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Cold and Flu: Causes, Symptoms & Relief

About Cold and Flu

You’re probably no stranger to the common cold as it’s one of the most common health conditions amongst adults and children. You’ll probably have more colds in your lifetime than any other illness.

On average, adults catch two or three colds per year, whereas children are prone to catching colds more frequently. Symptoms include a cough, sore throat, runny nose, and fever—the common cold can leave you feeling miserable.

Although colds and flus may seem similar, they’re not the same. A flu usually causes more severe symptoms.

The common cold and flu are both infections of the upper respiratory system, which affects the nose, mouth, throat, and lungs. Both infections are caused by viruses. There are over 200 viruses that can cause a cold; however, the flu is caused by a virus named influenza.

Cold and Flu

The Difference between Cold and Flu

If you’ve ever had a cold or the flu, you’ve probably asked yourself ‘how do I know if this is a common cold or the flu?’ The cold vs flu debate is a discussion we’ve all had at some stage throughout our lives. It can be very difficult to tell the difference between cold and flu based on your symptoms because they share many of the same symptoms. They are both respiratory conditions, however, they are caused by different viruses.

Flu tends to be more severe than the common cold, the symptoms are more intense and can sometimes lead to serious health conditions such as pneumonia, bacterial infections or hospitalisations. They usually appear very quickly, within a few hours, and they affect more than just your nose and throat. They can often make you feel so exhausted and unwell that you can no longer continue your day as normal.

Colds tend to be milder than flu and can often be treated at home. They appear gradually over time, affect mainly your nose and throat, and although they make you feel unwell, you’re usually able to continue with your daily routine.

Cold and Flu Season

Cold and flu season is referred to as the colder months of the year. Although you can catch a cold anytime throughout the year, it’s more likely during autumn/winter. Cold and flu season often begins in October and peaks between December and February. In winter people tend to stay indoors and are in close proximity of one another, therefore indoor spaces become a perfect breeding ground for viruses.

Cold and Flu Causes, Symptoms, Prevention and Treatment

What Causes Colds and Flu?

As previously mentioned, there are over 200 viruses that can cause a cold; however, rhinoviruses cause up to 50% of common colds. These viruses are spread from person to person. If the virus gets into your mouth, nose, or eyes, you will become infected. Something as simple as breathing moist air or touching a surface containing the virus can spread it around.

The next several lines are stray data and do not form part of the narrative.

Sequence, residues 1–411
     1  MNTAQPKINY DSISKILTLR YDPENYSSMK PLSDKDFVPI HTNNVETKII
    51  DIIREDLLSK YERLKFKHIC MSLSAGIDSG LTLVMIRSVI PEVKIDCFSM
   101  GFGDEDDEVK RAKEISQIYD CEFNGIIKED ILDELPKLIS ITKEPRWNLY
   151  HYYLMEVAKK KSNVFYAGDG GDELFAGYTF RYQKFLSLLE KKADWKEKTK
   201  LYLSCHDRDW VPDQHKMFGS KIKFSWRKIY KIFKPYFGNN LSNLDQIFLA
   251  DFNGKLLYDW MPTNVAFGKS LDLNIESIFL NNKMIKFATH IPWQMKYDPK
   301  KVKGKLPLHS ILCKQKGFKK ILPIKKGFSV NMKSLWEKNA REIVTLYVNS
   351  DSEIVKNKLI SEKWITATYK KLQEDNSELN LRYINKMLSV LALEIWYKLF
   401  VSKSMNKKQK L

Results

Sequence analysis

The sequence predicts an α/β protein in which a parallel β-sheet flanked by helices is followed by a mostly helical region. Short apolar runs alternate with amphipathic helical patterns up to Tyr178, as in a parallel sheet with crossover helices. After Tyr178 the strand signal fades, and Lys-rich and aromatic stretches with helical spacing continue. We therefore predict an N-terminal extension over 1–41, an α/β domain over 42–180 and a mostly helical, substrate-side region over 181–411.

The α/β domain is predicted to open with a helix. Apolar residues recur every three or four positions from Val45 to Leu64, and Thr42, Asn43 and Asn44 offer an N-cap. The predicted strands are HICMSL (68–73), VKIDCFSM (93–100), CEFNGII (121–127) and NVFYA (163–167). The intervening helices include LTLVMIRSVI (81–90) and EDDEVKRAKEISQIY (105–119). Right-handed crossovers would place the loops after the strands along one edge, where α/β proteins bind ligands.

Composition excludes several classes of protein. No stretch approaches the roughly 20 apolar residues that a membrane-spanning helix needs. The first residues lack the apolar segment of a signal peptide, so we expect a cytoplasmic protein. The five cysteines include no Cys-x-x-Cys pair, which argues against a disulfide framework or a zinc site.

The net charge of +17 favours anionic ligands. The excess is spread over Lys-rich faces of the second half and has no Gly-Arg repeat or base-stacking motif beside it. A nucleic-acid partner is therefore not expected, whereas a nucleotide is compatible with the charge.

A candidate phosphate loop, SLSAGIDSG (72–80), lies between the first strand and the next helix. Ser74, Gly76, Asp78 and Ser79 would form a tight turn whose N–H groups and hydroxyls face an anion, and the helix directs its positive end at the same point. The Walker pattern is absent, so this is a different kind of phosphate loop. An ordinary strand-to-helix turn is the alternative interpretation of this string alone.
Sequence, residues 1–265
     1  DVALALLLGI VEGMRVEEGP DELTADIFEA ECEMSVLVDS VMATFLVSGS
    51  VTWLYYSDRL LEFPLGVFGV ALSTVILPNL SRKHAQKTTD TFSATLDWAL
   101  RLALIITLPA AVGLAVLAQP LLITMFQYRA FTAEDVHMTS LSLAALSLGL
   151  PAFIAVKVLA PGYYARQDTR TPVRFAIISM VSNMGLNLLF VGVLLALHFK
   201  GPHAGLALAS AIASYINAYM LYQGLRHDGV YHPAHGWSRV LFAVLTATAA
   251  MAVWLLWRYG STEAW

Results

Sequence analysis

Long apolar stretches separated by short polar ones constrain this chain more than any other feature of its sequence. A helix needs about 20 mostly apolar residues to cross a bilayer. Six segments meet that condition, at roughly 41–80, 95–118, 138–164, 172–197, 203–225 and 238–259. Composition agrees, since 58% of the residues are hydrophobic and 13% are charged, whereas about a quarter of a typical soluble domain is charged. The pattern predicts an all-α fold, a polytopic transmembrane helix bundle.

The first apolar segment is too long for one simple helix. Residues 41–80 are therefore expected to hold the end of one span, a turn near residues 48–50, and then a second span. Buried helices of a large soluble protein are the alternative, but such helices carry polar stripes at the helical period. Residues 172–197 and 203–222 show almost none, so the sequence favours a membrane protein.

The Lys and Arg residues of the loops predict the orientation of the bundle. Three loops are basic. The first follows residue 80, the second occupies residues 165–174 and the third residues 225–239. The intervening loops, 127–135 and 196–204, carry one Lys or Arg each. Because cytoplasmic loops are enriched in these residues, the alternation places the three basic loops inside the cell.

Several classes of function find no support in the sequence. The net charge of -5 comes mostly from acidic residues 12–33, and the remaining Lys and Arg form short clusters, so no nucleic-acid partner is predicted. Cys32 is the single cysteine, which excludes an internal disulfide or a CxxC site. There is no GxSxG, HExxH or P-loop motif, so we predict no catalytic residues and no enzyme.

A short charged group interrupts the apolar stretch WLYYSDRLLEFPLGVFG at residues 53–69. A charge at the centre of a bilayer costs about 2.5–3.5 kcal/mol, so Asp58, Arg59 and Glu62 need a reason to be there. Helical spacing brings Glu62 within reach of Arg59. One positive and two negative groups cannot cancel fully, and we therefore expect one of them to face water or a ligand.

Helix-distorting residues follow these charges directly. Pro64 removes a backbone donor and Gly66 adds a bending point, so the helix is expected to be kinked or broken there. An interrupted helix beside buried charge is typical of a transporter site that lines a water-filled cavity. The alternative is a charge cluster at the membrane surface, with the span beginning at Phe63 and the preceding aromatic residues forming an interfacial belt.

How can I treat cold and flu?

Unfortunately, there is no cure for the common cold or the flu. It usually disappears on its own, however the flu can sometimes make people very ill. In general, a cold requires bed rest and time for the cold to run its course and the body to heal. You can take various medication to try and help manage the symptoms, such as Anadin Paracetamol Tablets, which help lower your temperature and manage headache, sore throat, and body aches.

Try taking antihistamines to stop sneezing and a runny nose. Decongestant tablets or sprays are great for cold and flu relief, as they help relieve a blocked nose. Drink plenty of water to keep hydrated and avoid drinking alcohol or caffeine as this can dehydrate you. Speak to a healthcare professional for advice before taking any cold and flu medications.

Flu symptoms include:

  • Fever above 38C
  • Dry cough
  • Sore throat
  • Runny nose
  • Muscle aches
  • Tiredness
  • Diarrhoea or stomach pain
  • Loss of appetite

Common cold symptoms include:

  • Blocked or runny nose
  • Sore throat
  • Headaches
  • Muscle aches
  • High temperature

How long do cold and flu symptoms last?

Cold symptoms generally last between 7-10 days, whereas the flu can last 5-7 days but should go away within 7 days. For people who have had a flu shot, the symptoms may last a shorter amount of time, or be less severe.

If you have a high temperature or you do not feel well enough to do your normal activities, try to stay at home and avoid contact with other people until you feel better.

How can I prevent catching a cold or flu?

There are several things you can do to avoid catching a cold, these include:

  • Washing your hands regularly. Especially after going to the bathroom, before preparing food or being near someone who has a cold.
  • Avoid touching your face. Colds can spread from your hands to your mouth, eyes and nose.
  • Sanitise your hands regularly. If you cannot use soap and water.
  • Clean surfaces regularly. The cold virus can live on kitchen/bathroom surfaces, doorknobs and more.
  • Strengthen your immune system so your body can fight of germs. Get plenty of rest, regular exercise and eat well.

The best prevention method for the flu is getting the flu vaccine. The vaccine contains dead flu viruses and works by exposing your immune system to the virus, giving your body no choice but to build antibodies against the flu. Every year the NHS offer the flu vaccine, which is commonly given to people aged 50 and above, pregnant women, people with underlying health conditions and frontline healthcare workers. Please speak to your GP to enquire about getting the flu vaccine.

Could it be coronavirus?

If you have a high temperature, a new, continuous cough or a change in your sense of smell or taste, you might be infected with the coronavirus. Please follow government advice and seek medical opinion.

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